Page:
“. . . unraveled dry whirlpool enameled Gongorism . . .” (Adriano Spatola)

young-peasant-in-blue-1882
On February 2 I started writing about Jean Jacques Rousseau’s “Social Contract” and Punxsutawney Phil. It was an interesting piece I couldn’t finish because it was turning into a whiny confessional about my inability to see the world as others see it (literally) and my inner railing against civilization.

The painter Georges Seurat (1859-1897) died of a throat infection when he was only 39 years old. He was one of the first artists to dabble (pun intended) in a pointillist style of painting, one of those painters you know about if you took an undergraduate course in Art History or a graduate course in the History of Musical Style.

If you were in those classes as long ago as I was, what you remember about Seurat is a pointillist picture of dots not connected well. Recently I went with a friend to the Kimbell Art Gallery (Ft. Worth) to see the exhibit “Faces of Impressionism: Portraits from the Musée d’Orsay”—an (overwhelming) number of portraits by painters not thought of primarily of portraitists, Monet, Van Gough, and their ilk.

Georges Seurat’s portrait, “Peasant Boy in Blue (The Jockey),” 1882 was in the exhibit. When I heard the recorded commentary about pointillism, I was reminded of the style as I learned about it in that History of Musical Styles class. I know about pointillist music (it’s not one of those definite eras or “movements” in music history like “The Baroque”). Webern comes to mind.

Quite by accident I stumbled upon Adriano Spatola’s poem “The abolition of Reality [George Seurat]” the other day. I remembered the Kimbell exhibit, and pointillist music, and other curiously related subjects. I did a little research and found Aaron Copland’s “Piano Variations” (1930). Copland composed it before “Appalachian Spring” (1944) and his other well-known works—those works we musical elite consider too “popular.” We learned in music history class that Copland used his considerable talent as a composer to become rich and famous rather than writing obscure music the masses don’t like. (Copland is scathingly denounced for selling out to Hollywood in a letter from the composer David Diamond to Leonard Bernstein which I read at the Library of Congress a couple of years ago.)

There. I’ve gone into flights of memory and gobbledy-gook that comes out of God-knows-where and into my brain when I’m not careful.

Might be a Gongorism.

Copland’s “Piano Variations” is to music what Georges Seurat’s “Peasant Boy in Blue (The Jockey)” is to painting, or something like that. And the connection came to me from a glance at the Seurat at the Kimbell and accidentally coming across a poem with Seurat’s name in the title on the Internet.

And in this writing, all of that is preceded by Punxsutawney Phil and Jean Jacques Rousseau.

Yesterday I was asked to write my impression of the possibility of ADHD in the thinking of a student I am tutoring. Poor kid can’t keep his mind going in one direction for anything. But I’ve learned to go along for the ride and listen to the bizarre and improbable connections he makes as he reads.

I use the words “bizarre” and “improbable” to indicate not that his thinking is in any way “wrong” or “untenable,” but most people would have difficulty following the connections he makes; they would be seen as tenuous at best.

Tenuous, adj.
1590s, “thin, unsubstantial,” irregularly formed from Latin tenuis “thin, drawn out, meager, slim, slender,” figuratively “trifling, insignificant, poor, low in rank,” from PIE root *ten- “to stretch” (cognates: Sanskrit tanuh “thin,” literally “stretched out”) . . . The figurative sense of “having slight importance, not substantial” is found from 1817 in English. . .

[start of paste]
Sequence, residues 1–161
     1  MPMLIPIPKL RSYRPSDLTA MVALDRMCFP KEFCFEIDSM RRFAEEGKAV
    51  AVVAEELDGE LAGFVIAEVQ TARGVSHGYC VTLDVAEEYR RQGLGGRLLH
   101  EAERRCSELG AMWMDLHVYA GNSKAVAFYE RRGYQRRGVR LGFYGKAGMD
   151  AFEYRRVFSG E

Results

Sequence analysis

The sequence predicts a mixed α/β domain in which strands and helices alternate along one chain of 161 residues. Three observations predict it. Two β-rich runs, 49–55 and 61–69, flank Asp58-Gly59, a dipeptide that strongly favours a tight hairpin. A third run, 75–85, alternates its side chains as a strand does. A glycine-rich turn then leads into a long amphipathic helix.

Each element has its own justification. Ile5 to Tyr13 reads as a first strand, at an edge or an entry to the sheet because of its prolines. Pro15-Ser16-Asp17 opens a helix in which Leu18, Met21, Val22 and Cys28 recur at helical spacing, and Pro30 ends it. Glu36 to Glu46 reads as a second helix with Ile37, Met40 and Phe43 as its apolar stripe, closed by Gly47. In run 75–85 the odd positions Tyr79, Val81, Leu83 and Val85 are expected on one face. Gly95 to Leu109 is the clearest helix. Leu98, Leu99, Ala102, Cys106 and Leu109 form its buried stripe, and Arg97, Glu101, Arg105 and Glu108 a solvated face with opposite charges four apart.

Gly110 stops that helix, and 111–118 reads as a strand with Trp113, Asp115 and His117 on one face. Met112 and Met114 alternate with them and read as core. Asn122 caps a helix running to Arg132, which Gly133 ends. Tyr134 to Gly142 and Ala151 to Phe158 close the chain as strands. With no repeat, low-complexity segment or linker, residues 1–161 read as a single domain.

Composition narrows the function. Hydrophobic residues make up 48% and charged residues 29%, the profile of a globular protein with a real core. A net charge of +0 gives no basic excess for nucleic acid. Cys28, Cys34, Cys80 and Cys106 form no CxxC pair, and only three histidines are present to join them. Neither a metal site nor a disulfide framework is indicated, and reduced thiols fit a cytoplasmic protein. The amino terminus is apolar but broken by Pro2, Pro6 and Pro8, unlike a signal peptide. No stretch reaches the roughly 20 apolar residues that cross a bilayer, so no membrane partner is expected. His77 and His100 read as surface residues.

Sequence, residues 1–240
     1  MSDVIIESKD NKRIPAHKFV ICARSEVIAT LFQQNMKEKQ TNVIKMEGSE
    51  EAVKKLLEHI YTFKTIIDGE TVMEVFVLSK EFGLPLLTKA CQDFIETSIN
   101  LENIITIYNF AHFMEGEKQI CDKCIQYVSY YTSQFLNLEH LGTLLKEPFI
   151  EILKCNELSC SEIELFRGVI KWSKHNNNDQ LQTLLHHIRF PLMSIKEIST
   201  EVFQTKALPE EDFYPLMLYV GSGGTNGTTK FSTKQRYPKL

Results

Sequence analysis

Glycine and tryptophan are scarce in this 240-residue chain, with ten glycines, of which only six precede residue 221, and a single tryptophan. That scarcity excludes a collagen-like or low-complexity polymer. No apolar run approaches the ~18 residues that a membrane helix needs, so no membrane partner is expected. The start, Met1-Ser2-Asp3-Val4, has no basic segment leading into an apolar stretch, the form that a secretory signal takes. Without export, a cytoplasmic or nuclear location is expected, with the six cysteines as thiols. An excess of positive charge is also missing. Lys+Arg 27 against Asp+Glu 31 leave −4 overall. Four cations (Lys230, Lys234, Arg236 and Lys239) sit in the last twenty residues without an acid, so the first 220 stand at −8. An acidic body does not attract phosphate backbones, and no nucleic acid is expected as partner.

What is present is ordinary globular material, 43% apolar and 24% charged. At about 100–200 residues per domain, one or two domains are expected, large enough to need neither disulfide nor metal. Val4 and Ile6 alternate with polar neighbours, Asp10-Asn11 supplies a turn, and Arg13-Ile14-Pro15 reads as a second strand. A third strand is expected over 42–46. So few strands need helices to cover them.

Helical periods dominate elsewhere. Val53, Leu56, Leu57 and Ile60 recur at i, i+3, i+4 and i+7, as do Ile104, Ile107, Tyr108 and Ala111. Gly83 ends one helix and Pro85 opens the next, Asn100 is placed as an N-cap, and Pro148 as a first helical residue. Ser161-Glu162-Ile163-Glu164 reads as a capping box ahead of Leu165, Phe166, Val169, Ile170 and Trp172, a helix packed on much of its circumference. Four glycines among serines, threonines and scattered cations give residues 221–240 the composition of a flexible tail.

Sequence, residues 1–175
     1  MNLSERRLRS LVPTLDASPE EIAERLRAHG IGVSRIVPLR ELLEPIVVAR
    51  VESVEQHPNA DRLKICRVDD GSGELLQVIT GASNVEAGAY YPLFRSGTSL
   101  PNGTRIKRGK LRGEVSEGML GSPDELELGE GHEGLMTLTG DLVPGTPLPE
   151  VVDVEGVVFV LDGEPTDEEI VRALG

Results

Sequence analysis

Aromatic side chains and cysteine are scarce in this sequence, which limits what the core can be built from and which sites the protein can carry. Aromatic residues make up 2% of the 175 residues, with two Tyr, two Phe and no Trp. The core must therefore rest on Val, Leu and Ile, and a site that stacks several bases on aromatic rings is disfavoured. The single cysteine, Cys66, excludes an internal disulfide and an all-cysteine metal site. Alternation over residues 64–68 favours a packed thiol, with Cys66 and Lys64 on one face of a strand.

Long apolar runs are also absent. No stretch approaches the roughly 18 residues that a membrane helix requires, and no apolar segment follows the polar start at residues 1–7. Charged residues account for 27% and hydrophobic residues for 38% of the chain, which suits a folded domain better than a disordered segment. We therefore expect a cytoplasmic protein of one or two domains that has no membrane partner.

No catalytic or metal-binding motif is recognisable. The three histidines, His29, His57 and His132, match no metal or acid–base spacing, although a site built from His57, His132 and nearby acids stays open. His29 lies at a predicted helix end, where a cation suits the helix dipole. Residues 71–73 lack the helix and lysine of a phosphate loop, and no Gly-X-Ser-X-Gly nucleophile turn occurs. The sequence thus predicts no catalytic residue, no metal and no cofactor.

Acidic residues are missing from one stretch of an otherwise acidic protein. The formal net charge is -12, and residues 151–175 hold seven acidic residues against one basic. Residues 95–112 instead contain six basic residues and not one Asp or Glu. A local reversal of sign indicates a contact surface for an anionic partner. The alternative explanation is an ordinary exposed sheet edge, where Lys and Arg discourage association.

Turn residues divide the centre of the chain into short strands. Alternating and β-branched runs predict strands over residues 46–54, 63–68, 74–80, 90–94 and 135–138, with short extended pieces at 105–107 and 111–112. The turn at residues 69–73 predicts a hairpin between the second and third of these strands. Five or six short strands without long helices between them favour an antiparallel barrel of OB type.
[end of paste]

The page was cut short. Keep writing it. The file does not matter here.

I quote the Online Etymology Dictionary for “tenuous” because I need to describe my own sense that I have “thin” and “unsubstantial” connections with—with almost everything—if I think about my connectedness. That’s probably true of everyone. No one I know talks about it, however.

I’m going to make short work of this for two reasons. 1) I fear anyone who might read this will think I’m merely trying to be special. 2) I fear.

Last night I was first to arrive at a meeting because I had the key and was scheduled to open the building. The building has an alarm system which I had to disarm and arm when we left. Disarming was no problem—open the door and punch in the code.
No one else arrived, so I left. My instructions were to put in the code and punch the “away” key. I could not see the “away” key, so I punched in the first two numbers and walked away to turn on the lights. Then I punched in the number again and punched the “away” key and left. I don’t think I turned off the lights.

I don’t know.

Most of the time I don’t know. Does going to the bank to deposit a check happen, or is it an event in my mind, whatever my mind is. I know the pain in my hip is real because the event of my not being able to walk is real. Or is it? I’m not trying to be funny or weird.

Is “Peasant Boy in Blue (The Jockey)” real. Are “Piano Variations (1930)” real? Is this writing real? I’m caught up in questions like this every day. I know driving a car is not real. Or paying my rent. Or vacuuming my living room. My connections seem to be more tenuous day by day.

Gongorism, n.
an affected literary style characterized by intricate language and obscurity . . . ornamental, ostentatious vocabulary and a message that is complicated by a sea of metaphors and complex syntactical order. The name . . . was coined by its opponents to present it as a heresy of “true” poetry. This movement seems to use as many words as possible to convey little meaning or to conceal meaning.

I don’t know.

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